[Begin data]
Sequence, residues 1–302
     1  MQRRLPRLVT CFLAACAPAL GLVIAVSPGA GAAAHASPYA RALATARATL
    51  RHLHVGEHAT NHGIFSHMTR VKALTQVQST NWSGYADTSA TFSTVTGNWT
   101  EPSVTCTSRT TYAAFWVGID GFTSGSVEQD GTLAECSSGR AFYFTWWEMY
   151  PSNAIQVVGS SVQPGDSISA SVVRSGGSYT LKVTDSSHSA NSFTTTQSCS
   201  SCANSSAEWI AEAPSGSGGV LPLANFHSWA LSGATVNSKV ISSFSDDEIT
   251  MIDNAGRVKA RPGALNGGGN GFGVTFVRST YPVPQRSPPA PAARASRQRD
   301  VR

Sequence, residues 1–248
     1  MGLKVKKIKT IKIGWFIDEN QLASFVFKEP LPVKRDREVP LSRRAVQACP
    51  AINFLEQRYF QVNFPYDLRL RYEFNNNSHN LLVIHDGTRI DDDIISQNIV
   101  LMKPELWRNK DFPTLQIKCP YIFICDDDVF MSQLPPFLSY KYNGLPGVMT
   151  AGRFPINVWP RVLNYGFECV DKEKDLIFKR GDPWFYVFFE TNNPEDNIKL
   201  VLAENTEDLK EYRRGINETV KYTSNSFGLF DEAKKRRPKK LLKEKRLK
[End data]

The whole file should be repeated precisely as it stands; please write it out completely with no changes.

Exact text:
Sequence, residues 1–302
     1  MQRRLPRLVT CFLAACAPAL GLVIAVSPGA GAAAHASPYA RALATARATL
    51  RHLHVGEHAT NHGIFSHMTR VKALTQVQST NWSGYADTSA TFSTVTGNWT
   101  EPSVTCTSRT TYAAFWVGID GFTSGSVEQD GTLAECSSGR AFYFTWWEMY
   151  PSNAIQVVGS SVQPGDSISA SVVRSGGSYT LKVTDSSHSA NSFTTTQSCS
   201  SCANSSAEWI AEAPSGSGGV LPLANFHSWA LSGATVNSKV ISSFSDDEIT
   251  MIDNAGRVKA RPGALNGGGN GFGVTFVRST YPVPQRSPPA PAARASRQRD
   301  VR

Sequence, residues 1–248
     1  MGLKVKKIKT IKIGWFIDEN QLASFVFKEP LPVKRDREVP LSRRAVQACP
    51  AINFLEQRYF QVNFPYDLRL RYEFNNNSHN LLVIHDGTRI DDDIISQNIV
   101  LMKPELWRNK DFPTLQIKCP YIFICDDDVF MSQLPPFLSY KYNGLPGVMT
   151  AGRFPINVWP RVLNYGFECV DKEKDLIFKR GDPWFYVFFE TNNPEDNIKL
   201  VLAENTEDLK EYRRGINETV KYTSNSFGLF DEAKKRRPKK LLKEKRLK